Figure 2. PGC1α protects N27 dopaminergic neuronal cells from Pb2+-induced neurotoxicity. Cells were incubated with lead acetate at the concentrations shown. (A,B) qRT-PCR and western blotting measurement of mRNA and protein expression levels, respectively of Pgc1α in N27 cells treated with lead for 48-hours. (C) mRNA levels of Pgc1α target genes (Tfam, Nrf1)inN27 cells treated with lead for 48-hours.(D)N27 Pgc1αmRNA levels after 3-hours lead treatment.(E) Pgc1α mRNA levels and (F) colony formation in N27 cells with stable downregulation of PGC1α. (G) Mitochondrial superoxide levels were measured in shPGC1α cells using MitoSOX staining and (H) the effect of lead treatment on mitochondrial membrane potential loss in shPGC1α was detected by DiOC6(3) in N27 cells treated with lead for 48-hours. (I,K) Confocal imaging analysis of mitochondrial morphology in wild type PGC1α and in overexpressed PGC1α N27 cells ((Pgc1α) was investigated using Mito Tracker and DAPI staining recorded by fluorescence microscopy. (J) qRT-PCR analysis of Pgc1α in N27 cells expressing exogenous Pgc1α versus(Pgc1α cells, treated with lead for 48-hours.*P<0.05, **P<0.01, n=3; mean ± SE.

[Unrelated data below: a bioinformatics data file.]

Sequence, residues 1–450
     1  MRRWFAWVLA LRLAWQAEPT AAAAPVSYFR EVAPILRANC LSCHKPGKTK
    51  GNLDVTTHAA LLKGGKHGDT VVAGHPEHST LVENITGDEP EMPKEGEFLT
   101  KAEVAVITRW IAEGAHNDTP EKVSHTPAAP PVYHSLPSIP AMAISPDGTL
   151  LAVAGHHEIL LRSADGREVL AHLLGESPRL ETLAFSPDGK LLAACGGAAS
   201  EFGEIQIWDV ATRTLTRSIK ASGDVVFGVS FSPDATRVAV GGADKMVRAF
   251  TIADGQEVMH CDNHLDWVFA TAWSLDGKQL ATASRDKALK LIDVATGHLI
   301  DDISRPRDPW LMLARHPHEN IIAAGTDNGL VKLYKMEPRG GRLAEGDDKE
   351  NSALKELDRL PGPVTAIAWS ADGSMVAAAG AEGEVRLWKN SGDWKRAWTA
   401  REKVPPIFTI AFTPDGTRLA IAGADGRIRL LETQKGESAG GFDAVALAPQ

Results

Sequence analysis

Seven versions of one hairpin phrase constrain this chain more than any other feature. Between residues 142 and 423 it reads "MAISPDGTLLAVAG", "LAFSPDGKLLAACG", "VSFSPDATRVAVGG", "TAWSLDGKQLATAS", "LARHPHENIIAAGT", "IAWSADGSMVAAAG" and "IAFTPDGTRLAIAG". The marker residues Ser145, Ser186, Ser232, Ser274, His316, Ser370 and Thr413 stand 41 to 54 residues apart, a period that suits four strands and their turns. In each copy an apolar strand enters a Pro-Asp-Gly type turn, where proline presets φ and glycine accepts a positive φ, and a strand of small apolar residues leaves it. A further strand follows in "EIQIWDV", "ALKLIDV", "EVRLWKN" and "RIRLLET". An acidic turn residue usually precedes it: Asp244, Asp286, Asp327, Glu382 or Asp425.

Since no significant difference was observed between cells treated with 5 μM and 100 μM in terms of disruption of mitochondrial function, ROS generation or cell death(Fig. 1A-D), but there was a significant difference in Pgc1α mRNA levels between the two groups, we sought to investigate whether Pgc1α plays a protective role against lead insult at 100 μM. To interrogate this hypothesis, we produced a stable knock-down of Pgc1α using a lentiviral shRNA vector. Successful knock-down was confirmed by Pgc1α mRNA levels(Fig. 2E) and clear downregulation of PGC-1α protein levels, as shown by immunocyto-chemistry (Supplementary Figure3-S3, A). sh-PGC1α transduction did not affect colony formation (Fig. 2E and F). FACS analysis of cells stained independently with MitoSOX and DiOC6(3) showed that reduction of Pgc1α expression renders N27 cells more susceptible to lead-induced mitochondrial stress (Fig. 2G, H), with morphological characteristics of apoptosis apparent in cells treated with 100μM or 500μM lead (Supplementary Figure1-S1, B).